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First new drug to treat ALS in 20 years approved in US

Monday, May 8, 2017,17:07 IST By anju A A A

Washington | The first new drug to treat patients with amyotrophic lateral sclerosis (ALS) in two decades has been approved in the US.

The US Food and Drug Administration (FDA) last week gave approval to Radicava (edaravone) for the treatment of ALS, commonly referred to as Lou Gehrig’s disease.

ALS is a rare disease that attacks and kills the nerve cells that control voluntary muscles.

“After learning about the use of edaravone to treat ALS in Japan, we rapidly engaged with the drug developer about filing a marketing application in the US,” said Eric Bastings, deputy director of the Division of Neurology Products in the FDA’s Center for Drug Evaluation and Research.

“This is the first new treatment approved by the FDA for ALS in many years, and we are pleased that people with ALS will now have an additional option,” said Bastings.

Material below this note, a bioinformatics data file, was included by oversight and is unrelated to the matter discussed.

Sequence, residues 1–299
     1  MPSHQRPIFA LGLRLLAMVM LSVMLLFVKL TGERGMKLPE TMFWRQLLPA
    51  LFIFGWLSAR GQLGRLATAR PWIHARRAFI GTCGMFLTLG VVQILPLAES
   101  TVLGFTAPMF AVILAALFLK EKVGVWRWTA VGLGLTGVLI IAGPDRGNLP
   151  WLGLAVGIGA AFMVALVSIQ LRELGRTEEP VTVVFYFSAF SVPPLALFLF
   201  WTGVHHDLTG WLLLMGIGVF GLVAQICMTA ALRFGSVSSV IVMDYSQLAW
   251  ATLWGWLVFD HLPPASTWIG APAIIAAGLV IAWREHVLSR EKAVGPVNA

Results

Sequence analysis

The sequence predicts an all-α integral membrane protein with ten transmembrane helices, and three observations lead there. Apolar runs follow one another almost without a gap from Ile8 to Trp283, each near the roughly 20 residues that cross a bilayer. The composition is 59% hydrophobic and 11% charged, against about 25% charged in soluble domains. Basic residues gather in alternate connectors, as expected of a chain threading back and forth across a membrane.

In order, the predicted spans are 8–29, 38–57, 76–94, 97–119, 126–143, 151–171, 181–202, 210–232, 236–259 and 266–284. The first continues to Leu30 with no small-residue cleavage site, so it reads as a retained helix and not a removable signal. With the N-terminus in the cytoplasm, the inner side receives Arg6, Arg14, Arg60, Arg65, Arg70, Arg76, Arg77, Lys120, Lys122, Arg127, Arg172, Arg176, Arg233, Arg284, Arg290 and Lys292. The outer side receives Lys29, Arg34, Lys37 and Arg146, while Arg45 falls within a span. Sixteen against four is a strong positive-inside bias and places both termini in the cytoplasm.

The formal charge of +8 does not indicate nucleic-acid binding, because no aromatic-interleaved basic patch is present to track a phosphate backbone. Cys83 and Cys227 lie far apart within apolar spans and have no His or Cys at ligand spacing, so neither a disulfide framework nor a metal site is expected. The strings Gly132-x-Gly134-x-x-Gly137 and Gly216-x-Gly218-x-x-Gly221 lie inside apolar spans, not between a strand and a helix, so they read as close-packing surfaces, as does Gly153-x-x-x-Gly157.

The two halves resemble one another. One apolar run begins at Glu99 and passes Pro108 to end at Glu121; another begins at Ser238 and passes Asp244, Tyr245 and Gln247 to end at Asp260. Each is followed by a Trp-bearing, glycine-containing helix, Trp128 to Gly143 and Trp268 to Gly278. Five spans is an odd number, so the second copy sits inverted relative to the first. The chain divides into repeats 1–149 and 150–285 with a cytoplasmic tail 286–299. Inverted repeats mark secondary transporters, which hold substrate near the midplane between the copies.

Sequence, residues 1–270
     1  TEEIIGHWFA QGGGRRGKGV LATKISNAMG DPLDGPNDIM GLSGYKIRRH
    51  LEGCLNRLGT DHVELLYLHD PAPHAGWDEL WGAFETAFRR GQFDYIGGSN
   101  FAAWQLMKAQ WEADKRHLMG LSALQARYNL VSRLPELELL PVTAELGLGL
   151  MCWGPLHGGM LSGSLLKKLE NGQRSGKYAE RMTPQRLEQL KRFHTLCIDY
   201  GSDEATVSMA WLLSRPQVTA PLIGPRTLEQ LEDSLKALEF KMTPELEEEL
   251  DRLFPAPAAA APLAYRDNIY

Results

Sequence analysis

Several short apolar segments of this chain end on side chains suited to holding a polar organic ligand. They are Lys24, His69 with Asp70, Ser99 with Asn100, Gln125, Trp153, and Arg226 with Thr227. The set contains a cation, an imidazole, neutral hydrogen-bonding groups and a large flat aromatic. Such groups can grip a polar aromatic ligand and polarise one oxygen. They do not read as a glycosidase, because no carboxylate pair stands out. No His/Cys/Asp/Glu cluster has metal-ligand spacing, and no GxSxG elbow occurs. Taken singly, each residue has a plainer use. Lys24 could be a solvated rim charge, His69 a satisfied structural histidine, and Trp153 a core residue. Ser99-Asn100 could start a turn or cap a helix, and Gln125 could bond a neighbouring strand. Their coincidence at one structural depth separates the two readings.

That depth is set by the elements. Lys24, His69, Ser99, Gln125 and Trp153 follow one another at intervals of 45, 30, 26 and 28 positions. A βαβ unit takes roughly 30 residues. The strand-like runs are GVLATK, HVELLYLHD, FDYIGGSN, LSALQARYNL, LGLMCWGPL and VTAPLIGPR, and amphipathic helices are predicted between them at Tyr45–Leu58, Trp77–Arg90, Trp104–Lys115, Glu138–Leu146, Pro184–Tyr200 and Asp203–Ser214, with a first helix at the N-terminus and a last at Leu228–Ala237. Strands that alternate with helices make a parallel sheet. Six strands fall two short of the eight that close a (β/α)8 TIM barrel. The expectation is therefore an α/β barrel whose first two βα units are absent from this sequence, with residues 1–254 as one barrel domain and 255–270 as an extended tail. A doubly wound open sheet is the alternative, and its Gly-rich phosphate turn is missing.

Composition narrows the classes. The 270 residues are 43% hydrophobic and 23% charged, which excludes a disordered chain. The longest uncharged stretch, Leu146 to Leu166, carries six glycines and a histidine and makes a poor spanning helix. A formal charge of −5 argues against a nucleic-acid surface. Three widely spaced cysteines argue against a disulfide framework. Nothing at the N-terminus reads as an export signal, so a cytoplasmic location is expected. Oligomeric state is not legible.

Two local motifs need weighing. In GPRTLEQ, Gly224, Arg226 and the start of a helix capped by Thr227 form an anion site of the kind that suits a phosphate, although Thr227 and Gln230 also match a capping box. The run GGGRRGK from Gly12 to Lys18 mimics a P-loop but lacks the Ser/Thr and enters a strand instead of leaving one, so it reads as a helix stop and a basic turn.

In ALS, voluntary muscles produce movements such as chewing, walking, breathing and talking.

The nerves lose the ability to activate specific muscles, which causes the muscles to become weak and leads to paralysis. ALS is progressive, meaning it gets worse over time.

The US Centers for Disease Control and Prevention estimates that about 12,000-15,000 Americans have ALS. Most people with ALS die from respiratory failure, usually within three to five years from when the symptoms first appear.

Radicava is an intravenous infusion given by a health care professional, FDA said.

It is administered with an initial treatment cycle of daily dosing for 14 days, followed by a 14-day drug-free period. Subsequent treatment cycles consist of dosing on 10 of 14 days, followed by 14 days drug-free.

The efficacy of edaravone for the treatment of ALS was demonstrated in a six-month clinical trial conducted in Japan.

In the trial, 137 participants were randomised to receive edaravone or placebo.

At week 24, individuals receiving edaravone declined less on a clinical assessment of daily functioning compared to those receiving a placebo, according to FDA.

The most common adverse reactions reported by clinical trial participants receiving edaravone were bruising (contusion) and gait disturbance.

Radicava is also associated with serious risks that require immediate medical care, such as hives, swelling, or shortness of breath, and allergic reactions to sodium bisulfite, an ingredient in the drug, FDA said.